I stopped off into the bathroom, and set the backpack down. The blades sliced open and shut, as clumps of ginger fell to the ground around me. It was liberating. It was my hair, and I owned it. It was mine to do with what I liked. I tossed the scissors down again, they landed with a loud clang. I scooped the rest of my red into a messy ponytail, not caring for how badly I had placed it on my head. It was pointing out to one side, but that was okay.


I was over trying to impress them.


I ran downstairs, not thinking to grab a jacket. The thought of getting cold in nothing but denim shorts and a yellow singlet hadn’t crossed my mind. Out to the garage, I grabbed my bike and hopped on. There was no time to think, I had to act in the moment. I didn’t want to have second thoughts; I didn’t want to feel guilty into coming back here.


I was over trying to impress everyone.


Somebody called out to me as I sped down the drive. “Where are you going?” It was one of them. Most likely, it was Daisy, probably wondering where I was going and why I had taken her backpack.


“Out!” I yelled back.


The wind whipped through my hair, a cool gentle breeze. The sun warmed my shoulders as I rode. It was liberating, more so than cutting my own hair, than cutting the expectations and the need to please my parents away from me.


I never had to go back, never wanted to go back.

---------


Now what did I have?


No future, no hope, no dreams. I had my three faithful companions, Starmie, Staryu and Goldeen, but no ambitions. I couldn’t compete in the league. Oh the humility of it all. To face Brock, Erica, Blaine, and then return home to face my family. I couldn’t award myself a gym badge, the league knew these things.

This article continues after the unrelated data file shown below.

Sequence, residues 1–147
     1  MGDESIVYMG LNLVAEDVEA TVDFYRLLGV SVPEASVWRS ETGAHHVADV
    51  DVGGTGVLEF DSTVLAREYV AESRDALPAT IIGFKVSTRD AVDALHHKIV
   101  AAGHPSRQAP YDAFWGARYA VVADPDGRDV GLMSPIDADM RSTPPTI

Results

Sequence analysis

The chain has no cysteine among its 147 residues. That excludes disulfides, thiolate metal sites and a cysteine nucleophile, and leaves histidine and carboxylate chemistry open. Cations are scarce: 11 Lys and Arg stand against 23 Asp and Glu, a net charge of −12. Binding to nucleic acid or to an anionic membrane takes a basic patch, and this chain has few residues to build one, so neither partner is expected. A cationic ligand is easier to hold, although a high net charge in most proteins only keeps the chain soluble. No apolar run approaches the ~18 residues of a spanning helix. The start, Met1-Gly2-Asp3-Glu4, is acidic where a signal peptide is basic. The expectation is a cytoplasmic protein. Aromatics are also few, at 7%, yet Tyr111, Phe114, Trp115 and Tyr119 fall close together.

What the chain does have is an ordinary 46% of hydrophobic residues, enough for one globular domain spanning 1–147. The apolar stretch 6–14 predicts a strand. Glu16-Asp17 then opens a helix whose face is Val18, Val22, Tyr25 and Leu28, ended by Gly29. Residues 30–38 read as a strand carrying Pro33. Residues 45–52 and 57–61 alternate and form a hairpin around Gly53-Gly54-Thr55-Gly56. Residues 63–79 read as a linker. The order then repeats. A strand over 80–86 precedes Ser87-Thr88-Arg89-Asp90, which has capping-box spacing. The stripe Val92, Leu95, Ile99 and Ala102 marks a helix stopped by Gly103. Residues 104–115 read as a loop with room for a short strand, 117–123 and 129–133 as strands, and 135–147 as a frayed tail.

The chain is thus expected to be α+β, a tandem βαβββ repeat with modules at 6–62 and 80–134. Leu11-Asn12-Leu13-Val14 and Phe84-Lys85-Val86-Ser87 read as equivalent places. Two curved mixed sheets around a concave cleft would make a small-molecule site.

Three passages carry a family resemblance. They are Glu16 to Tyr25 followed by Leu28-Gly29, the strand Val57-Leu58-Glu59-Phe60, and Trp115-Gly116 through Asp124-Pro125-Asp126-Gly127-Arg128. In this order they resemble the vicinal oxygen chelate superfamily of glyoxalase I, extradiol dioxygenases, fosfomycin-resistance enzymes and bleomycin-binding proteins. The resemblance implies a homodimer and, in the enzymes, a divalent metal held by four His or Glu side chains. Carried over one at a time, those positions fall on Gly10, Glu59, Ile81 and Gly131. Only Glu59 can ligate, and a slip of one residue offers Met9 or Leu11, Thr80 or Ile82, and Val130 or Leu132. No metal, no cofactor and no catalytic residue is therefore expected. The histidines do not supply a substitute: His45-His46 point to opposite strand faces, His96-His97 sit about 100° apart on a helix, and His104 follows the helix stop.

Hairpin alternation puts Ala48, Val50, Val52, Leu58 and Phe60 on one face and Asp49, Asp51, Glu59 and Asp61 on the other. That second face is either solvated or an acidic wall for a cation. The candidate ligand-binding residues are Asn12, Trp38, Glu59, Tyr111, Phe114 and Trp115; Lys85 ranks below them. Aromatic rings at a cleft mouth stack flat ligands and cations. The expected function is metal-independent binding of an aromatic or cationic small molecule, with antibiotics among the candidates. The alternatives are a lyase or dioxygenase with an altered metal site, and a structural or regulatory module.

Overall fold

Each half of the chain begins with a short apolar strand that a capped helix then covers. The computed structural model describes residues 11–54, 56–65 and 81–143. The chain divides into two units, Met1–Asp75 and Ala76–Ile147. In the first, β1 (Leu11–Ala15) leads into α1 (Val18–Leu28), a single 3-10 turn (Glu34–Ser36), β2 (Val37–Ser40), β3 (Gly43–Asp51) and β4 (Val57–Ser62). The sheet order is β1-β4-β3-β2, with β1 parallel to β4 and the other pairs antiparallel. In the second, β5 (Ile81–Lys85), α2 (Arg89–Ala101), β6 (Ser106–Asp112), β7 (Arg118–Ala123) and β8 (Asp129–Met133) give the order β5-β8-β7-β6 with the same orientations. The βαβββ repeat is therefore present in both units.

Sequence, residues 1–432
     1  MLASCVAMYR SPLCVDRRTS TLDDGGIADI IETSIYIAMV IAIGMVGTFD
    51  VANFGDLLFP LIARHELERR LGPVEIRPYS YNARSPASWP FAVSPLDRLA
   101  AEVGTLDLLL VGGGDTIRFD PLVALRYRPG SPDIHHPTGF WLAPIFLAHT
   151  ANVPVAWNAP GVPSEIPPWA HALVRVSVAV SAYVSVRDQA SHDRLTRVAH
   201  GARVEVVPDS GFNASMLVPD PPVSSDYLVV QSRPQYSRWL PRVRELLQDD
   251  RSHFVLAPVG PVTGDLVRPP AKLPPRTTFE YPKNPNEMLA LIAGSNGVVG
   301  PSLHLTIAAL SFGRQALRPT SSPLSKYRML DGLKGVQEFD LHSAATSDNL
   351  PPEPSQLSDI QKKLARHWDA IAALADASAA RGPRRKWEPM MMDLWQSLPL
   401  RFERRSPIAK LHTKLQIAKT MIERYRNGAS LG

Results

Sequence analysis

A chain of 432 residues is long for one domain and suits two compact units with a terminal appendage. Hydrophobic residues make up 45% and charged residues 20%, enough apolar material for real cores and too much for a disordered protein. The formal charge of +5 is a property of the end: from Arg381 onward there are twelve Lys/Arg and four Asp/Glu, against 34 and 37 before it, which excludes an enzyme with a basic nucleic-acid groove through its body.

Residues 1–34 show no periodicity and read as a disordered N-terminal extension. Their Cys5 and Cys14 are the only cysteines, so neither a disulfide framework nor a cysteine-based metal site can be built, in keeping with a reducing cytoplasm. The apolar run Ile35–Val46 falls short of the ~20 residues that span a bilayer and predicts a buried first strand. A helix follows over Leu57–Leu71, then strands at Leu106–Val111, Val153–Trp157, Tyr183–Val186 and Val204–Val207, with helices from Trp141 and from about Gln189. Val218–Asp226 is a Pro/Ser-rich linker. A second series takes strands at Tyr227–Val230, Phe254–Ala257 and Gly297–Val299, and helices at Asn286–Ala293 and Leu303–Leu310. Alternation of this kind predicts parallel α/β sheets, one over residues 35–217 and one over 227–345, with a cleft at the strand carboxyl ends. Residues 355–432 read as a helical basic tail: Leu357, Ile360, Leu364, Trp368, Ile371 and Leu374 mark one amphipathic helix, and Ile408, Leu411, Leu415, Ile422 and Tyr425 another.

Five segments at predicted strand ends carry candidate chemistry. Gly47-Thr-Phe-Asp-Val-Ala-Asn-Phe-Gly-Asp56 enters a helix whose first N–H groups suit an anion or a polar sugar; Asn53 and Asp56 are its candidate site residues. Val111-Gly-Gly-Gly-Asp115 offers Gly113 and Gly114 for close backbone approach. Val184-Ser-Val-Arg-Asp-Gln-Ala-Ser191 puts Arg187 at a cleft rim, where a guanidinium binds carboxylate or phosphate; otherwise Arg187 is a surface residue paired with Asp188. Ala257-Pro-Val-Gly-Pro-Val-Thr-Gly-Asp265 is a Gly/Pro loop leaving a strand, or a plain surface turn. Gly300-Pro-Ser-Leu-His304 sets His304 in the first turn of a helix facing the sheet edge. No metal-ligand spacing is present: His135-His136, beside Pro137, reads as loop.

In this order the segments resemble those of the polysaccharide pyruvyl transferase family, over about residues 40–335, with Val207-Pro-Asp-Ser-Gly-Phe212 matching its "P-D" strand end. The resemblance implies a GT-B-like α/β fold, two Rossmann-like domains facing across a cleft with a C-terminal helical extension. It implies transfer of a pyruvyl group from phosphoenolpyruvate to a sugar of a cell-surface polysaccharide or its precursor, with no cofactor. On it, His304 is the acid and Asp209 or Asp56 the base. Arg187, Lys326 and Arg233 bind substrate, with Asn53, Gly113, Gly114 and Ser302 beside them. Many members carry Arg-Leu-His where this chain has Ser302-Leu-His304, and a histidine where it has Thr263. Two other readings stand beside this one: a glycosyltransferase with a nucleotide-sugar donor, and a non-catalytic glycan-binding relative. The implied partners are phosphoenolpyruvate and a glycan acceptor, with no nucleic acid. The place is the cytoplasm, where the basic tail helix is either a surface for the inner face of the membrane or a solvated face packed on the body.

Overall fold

Did I really have a future?


I hadn’t been paying attention to where I was riding, clearly. Viridian City had passed me like a blur, and I found myself by the edge of the world. It was a fair distance down to the river. I got off my bike, and stared down the gorge at the rushing waters. Water had always been a protagonist in the fairy tale of my life. I laughed at the thought. The only fairy tale my life compared to was Cinderella, and even then there was no fairy godmother. Just three wicked sisters and no future other than cleaning out the fireplace.


It wouldn’t take that long, would it?


One simple jump. Not even a jump, one simple step and I was off the edge. I would fall, swiftly, smoothly. It would be as though I were flying, ready to embrace the dreams that I never had, the future I had thrown away, and the past that I was leaving behind.


It sounded marvellous.


They could just tell my parents that my body washed up on shore. Most likely onto Cinnabar Island. My parents would only be upset at the length of my hair, of the way my body had been mangled and had lost all traces of beauty. My parents could claim me to be an adopted child, a poor orphan they had rescued from the streets of Lavender Town who had no future. They would tell the press the stories of rags to riches, how they had made me beautiful, made me what a Waterflower should be.